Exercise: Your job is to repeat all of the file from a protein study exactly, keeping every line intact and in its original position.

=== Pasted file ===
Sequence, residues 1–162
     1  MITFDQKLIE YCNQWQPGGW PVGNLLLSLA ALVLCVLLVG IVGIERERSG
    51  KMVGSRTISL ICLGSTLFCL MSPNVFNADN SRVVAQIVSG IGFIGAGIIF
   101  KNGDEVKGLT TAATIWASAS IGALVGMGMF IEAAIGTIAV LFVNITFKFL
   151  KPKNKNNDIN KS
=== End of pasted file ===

Sequence, residues 1–162
     1  MITFDQKLIE YCNQWQPGGW PVGNLLLSLA ALVLCVLLVG IVGIERERSG
    51  KMVGSRTISL ICLGSTLFCL MSPNVFNADN SRVVAQIVSG IGFIGAGIIF
   101  KNGDEVKGLT TAATIWASAS IGALVGMGMF IEAAIGTIAV LFVNITFKFL
   151  KPKNKNNDIN KS